Group extends seminar series

Wednesday, April 30, 2008

LITTLETON, Colo. - Like most of the industry, NRRTS had its hands full with national competitive bidding in March and April. But knowing the show must go on, the organization also moved forward on several fronts recently.
In March, NRRTS decided to extend its series of five teleseminars after about 95 people registered for the first two teleseminars in February and March, crushing its goal of 40.
"It has become a rolling series," said Executive Director Simon Margolis. "There will always be five offerings available. As soon as we complete one seminar, we'll add another one, so people can always get five seminars at the reduced rate and get the full amount of continuing education units they need to renew their ATS or ATP certification."
The series costs $75 for NRRTS registrants, $100 for friends of NRRTS (FONs) and $150 for all others, Individually, the seminars cost $20 for registrants, $25 for FONs and $35 for all others.
NRRTS's partner in the teleseminars, the University of Pittsburgh, awards 0.2 CEUs for each completed seminar.
The seminars cover topics like pressure mapping, pelvic stabilization and medical justification for tilt.
Holding pattern
NRRTS's plans to develop, with UPitt, a curriculum specifically for individuals who provide complex power wheelchairs are "on a high altitude holding pattern," Margolis said.
"The industry is in such a state of flux right now that it may not make sense to release new products," he said. "We've decided to release products that people are going to buy and those include educational programs like the teleseminars. That's where we're going to continue going."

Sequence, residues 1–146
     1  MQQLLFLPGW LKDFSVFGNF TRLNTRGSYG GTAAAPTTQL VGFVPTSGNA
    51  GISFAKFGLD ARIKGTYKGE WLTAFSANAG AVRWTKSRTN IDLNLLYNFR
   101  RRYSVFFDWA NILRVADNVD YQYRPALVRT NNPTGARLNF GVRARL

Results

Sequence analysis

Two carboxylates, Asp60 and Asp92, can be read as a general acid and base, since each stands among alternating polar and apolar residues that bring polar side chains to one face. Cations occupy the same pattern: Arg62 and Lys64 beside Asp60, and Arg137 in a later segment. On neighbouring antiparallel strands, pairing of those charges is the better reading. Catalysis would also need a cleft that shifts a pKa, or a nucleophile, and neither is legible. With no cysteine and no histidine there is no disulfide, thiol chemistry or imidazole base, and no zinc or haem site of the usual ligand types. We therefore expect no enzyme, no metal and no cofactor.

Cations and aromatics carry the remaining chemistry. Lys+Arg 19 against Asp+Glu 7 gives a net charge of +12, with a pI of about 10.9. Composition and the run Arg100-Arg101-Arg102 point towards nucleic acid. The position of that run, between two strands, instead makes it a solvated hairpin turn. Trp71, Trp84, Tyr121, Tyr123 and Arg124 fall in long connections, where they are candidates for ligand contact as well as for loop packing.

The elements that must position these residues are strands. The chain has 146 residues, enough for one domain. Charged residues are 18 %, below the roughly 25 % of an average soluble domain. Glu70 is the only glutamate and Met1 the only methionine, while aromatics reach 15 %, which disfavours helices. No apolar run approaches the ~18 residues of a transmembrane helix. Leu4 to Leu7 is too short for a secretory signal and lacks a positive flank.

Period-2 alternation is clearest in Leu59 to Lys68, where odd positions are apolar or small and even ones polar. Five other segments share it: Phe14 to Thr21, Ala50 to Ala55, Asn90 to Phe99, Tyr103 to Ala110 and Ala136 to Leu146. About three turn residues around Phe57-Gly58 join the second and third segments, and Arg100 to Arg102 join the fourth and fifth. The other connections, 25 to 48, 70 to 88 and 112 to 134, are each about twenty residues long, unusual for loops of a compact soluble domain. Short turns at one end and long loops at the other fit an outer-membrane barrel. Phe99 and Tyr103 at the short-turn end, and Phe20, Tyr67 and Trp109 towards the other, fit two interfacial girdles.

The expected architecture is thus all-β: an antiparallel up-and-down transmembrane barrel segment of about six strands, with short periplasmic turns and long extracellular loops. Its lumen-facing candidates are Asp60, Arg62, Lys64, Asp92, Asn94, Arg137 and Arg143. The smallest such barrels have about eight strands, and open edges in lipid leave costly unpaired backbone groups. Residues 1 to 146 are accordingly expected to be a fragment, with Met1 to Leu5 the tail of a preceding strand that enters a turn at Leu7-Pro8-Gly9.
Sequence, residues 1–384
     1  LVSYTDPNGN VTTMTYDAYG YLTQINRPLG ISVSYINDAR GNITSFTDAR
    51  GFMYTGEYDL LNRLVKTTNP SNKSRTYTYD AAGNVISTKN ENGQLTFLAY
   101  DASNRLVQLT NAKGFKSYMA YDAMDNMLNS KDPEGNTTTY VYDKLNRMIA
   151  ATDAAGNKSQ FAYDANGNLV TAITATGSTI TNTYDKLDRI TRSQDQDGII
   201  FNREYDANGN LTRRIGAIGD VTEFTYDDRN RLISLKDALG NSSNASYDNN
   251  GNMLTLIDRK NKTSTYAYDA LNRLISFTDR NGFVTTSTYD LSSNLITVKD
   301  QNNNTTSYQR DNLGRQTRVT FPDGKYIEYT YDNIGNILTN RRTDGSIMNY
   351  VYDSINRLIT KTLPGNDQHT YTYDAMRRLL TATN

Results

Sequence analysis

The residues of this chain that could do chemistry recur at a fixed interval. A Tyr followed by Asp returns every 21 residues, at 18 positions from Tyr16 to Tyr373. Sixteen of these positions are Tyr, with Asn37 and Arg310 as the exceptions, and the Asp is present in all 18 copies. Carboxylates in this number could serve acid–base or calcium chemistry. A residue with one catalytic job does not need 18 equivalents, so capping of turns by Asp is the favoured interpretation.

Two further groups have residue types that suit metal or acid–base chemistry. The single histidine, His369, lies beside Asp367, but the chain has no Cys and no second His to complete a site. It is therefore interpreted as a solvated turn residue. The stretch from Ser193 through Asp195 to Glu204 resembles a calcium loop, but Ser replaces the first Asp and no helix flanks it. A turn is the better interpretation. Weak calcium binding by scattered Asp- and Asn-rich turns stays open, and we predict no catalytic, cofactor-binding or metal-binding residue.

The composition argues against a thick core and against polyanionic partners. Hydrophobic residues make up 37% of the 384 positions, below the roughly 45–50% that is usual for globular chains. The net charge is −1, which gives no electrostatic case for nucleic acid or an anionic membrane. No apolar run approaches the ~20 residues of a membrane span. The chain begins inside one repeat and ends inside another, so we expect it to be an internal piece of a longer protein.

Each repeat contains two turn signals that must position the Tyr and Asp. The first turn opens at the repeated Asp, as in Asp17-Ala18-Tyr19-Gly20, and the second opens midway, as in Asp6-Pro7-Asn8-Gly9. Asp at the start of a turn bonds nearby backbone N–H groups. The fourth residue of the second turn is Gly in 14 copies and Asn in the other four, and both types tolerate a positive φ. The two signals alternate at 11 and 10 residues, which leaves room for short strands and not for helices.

Policing and patrolling
NRRTS has a new way to deal with complaints about registrants. It now has an ethics committee (it used to have one person) and a "delineated process for dealing with complaints, so it's 30 days to this, 20 days to this and 15 days to this," Margolis said.
"We're beginning to get three, four, five complaints a month, so we've started a new process," he said. "We're beginning to mature into an organization that is willing to stand behind the quality of services provided by its members and one that's willing, when there's an issue, to try and figure out how to resolve some of those issues."
Members of NRRTS must adhere to a code of ethics and standards of practice to maintain their registration.
"A lot of times, complaints are frivolous-they didn't like the color of the tie the guy was wearing that day," Margolis said. "But there are some that are not frivolous, and we need to take action on those." HME